The making of the Catholic martyrs shrine

By the time of beatification of the Uganda Catholic martyrs in 1920, there was nothing like a memorial site for them. On that day, a Dutch priest, Rev Fr Stephen Walters, from Nsambya Catholic Parish, led a group people on a pilgrimage from Nsambya to Namugongo. The closest Catholic Church to Namugongo was at Kyaliwajala, the current location of Vienna College. It was under the jurisdiction of Nsambya Parish.

Fr Walters and his fellow pilgrims went straight to Namugongo from where Charles Lwanga was burnt. He wondered why a place of such importance did not have a church. A temporary shade made out of tree poles, banana and palm tree leaves was erected for the day’s Holy Mass.

He was informed that it was not possible to build a church as the land did not belong to the Mission. He asked if the landlord was willing to sell. The land belonged to a Muslim who was not ready to dispose it.
“I am not selling this land unless you are giving me a very good price of Rupees 100 per acre,” the landlord is quoted as saying, according to archives of the Catholic Church at Rubaga.

“Walter paid Rupees 800 for the eight acres and he put a cross where the present day altar of the Basilica stands. He set the pace for the Catholic Church to acquire land in Namugongo, then Kampala Archbishop Emmanuel Nsubuga is quoted as saying in December 1966.

Setback
After securing the land, Fr Walters went ahead and started making bricks for the construction of the church. Unfortunately before the church could be finished, he died of sleeping sickness in 1923.
In 1927, Bishop John .W. Campling of the Mill Hill Fathers opted to set up a monument at the site of the shrine.

But an organisation that had earlier been formed called Friends of the Martyrs pleaded with him not to put a monument. They wanted to collect money to buy more land and build a shrine in memory of the martyrs.
“Members of the Friends of the Martyrs fundraised enough money to buy 23 acres at Shs5,980,” records in the church archives show.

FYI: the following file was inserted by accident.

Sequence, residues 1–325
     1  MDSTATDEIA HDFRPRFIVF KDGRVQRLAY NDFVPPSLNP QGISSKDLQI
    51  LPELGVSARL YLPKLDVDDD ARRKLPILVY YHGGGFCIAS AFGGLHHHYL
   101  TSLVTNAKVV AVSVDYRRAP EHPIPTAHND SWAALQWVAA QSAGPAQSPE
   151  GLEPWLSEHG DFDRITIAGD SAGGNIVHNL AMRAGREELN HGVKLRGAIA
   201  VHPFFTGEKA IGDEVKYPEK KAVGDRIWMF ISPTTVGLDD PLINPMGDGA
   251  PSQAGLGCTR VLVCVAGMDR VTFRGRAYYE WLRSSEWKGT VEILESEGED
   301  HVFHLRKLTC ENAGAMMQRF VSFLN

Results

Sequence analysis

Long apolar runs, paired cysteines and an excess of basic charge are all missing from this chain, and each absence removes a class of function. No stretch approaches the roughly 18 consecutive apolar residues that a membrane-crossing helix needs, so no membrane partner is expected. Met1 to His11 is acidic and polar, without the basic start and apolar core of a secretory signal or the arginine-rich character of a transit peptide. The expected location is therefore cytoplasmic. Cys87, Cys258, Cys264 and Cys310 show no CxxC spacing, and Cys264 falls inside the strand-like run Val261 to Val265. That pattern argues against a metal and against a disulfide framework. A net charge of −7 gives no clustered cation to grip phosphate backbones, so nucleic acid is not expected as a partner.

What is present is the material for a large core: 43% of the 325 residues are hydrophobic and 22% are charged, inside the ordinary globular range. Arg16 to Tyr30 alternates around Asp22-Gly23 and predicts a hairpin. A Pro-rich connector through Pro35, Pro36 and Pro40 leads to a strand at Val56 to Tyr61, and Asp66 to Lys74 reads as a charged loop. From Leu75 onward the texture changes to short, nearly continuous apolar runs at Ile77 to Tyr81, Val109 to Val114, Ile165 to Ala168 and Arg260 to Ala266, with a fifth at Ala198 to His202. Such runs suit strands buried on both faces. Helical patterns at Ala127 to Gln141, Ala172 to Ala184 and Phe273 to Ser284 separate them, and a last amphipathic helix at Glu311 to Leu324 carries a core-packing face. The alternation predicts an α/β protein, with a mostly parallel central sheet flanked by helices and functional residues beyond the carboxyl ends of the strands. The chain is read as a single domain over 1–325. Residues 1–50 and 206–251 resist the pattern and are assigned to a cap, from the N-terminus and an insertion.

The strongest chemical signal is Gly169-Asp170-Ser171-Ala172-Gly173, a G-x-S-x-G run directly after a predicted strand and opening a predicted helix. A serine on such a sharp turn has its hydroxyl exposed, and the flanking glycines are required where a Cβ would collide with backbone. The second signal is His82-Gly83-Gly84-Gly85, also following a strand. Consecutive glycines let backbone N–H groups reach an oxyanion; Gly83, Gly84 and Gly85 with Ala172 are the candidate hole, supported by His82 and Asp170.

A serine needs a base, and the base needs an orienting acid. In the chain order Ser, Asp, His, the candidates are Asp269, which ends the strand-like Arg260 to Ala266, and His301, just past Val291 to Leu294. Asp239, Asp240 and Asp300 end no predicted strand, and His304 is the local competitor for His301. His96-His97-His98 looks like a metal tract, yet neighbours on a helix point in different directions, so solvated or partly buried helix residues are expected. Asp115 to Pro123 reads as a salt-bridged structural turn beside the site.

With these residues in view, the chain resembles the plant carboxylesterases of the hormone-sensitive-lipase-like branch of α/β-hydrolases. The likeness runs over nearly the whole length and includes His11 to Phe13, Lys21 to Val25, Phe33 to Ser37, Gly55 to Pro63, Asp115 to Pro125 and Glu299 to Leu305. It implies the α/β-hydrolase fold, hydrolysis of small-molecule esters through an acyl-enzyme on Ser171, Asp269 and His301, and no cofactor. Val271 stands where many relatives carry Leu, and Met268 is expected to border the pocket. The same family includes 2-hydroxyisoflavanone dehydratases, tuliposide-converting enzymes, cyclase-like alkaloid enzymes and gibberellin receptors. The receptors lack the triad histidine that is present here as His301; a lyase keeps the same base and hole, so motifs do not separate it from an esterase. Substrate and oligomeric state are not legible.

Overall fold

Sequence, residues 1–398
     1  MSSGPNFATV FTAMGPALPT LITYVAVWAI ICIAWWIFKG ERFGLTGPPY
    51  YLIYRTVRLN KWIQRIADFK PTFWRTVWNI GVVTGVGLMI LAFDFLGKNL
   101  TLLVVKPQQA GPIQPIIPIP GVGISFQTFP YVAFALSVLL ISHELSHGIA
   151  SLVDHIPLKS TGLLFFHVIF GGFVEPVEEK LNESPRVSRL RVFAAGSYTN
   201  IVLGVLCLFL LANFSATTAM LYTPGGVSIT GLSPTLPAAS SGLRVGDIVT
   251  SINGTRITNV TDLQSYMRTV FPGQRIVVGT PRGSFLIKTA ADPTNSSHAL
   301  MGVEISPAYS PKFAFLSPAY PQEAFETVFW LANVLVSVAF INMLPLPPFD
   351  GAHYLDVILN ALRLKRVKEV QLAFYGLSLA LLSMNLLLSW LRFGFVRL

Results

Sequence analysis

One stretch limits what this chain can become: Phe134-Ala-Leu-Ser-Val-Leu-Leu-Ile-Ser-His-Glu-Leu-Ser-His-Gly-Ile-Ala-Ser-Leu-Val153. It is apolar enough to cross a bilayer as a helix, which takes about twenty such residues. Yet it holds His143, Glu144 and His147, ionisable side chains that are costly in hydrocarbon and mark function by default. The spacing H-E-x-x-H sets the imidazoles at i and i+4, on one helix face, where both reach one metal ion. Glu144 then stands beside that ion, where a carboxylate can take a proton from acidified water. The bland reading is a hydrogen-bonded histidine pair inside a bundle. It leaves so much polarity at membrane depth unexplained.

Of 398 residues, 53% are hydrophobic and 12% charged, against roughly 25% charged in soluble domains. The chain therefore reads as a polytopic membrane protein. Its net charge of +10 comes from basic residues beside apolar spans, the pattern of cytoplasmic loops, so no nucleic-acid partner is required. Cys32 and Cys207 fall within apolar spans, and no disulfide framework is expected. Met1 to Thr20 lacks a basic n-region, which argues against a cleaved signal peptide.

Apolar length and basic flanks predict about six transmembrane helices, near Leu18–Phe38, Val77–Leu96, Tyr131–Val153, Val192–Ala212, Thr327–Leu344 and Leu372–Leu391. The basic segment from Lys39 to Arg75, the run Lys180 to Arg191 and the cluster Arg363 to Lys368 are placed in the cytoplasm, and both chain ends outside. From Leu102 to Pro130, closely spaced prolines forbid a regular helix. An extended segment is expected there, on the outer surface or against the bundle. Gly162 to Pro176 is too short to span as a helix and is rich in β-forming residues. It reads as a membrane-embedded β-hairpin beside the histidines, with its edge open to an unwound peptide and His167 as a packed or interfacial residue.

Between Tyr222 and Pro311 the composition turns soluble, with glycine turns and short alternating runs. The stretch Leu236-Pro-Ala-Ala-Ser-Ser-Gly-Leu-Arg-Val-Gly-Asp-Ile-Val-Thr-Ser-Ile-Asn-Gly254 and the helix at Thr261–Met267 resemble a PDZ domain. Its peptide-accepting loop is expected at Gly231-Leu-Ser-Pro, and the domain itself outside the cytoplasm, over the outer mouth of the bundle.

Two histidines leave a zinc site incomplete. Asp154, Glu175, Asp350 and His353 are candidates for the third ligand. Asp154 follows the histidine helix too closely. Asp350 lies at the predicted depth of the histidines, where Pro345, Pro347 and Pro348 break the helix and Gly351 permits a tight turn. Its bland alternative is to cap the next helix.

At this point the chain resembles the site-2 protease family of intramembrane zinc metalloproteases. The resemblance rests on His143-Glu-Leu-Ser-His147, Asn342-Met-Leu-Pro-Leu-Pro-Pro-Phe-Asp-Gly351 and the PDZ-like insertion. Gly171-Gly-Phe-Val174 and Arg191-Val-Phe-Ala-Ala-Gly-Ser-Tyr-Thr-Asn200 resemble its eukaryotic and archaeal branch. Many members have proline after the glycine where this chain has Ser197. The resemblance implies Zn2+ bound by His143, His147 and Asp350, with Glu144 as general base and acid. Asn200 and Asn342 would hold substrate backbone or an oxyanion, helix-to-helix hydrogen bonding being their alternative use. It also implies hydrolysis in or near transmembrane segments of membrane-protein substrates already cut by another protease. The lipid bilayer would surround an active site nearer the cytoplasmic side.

The 23 acres were on top of what Fr Walters had bought.

The friends of the martyrs in 1928 started constructing a boys’ primary school on part of the land they had bought and later a girls’ school.

“The parents built the primary schools. Though there were plans for a secondary school, they were put on hold due to lack of teachers,” the archives state.
After the construction of the church and the schools, Christians in the area asked Bishop Campling to give them parish status with priests. The bishop replied: “Don’t even think about it, I have many places much bigger than yours that want priests.”

In 1928, the friends of the martyrs wrote to the head of the Mill Hill Fathers in England, asking him to send priests to Namugongo. The request to England was granted but it was Bishop Campling to implement it. He set terms and conditions to be fulfilled before priests were sent there.

“You can only have a resident priest if you can afford to feed them, house them, build a decent church, and also to make sure you don’t lead them into debts,” declared Bishop Campling.
The above conditions were met and in February1935, Namugongo became a parish with Rev Fr Peter van Rooyen as the first priest.
The first modern rectangular church that was at Namugongo was razed down to give way for the construction of the befitting church in 1967.

Fundraising for the shrine
The present basilica was the idea of Kampala Archbishop Emmanuel Nsubuga who started a fundraising drive for its construction. Among the donors was Pope John Paul VI who contributed $20,000 then.

Using a bag made of palm leaves (Kikapu) which he took to Rome to be blessed by Pope John Paul VI, Archbishop Nsubuga traversed the world looking for funds to construct the basilica.

With funds secured, a contract to construct the Shrine was awarded to Roko Construction Company.
In 1969, two years after the commencement of the construction, Pope Paul VI, who became the first Pontiff to visit the African continent, laid the foundation stone for the shrine.

After eight years of work on June 3, 1975 the shrine was officially opened. Cardinal Sergio Pignedoli, representing Pope John Paul VI, presided over the basilica’s official opening. When Pope John Paul II visited Uganda in 1993, he declared the shrine a mini basilica.

In 2015, before the visit of the current pontiff, Pope Francis, the site was redeveloped into an international standard pilgrimage site.

The Shs44b project included three modern VIP pavilions to enable Christians from all corners to see the main celebrant at the altar.

A new pilgrimage route was created and named Martyrs Way. The lake trough was reconstructed, the dirty water being drained and fresh spring water allowed to flow.

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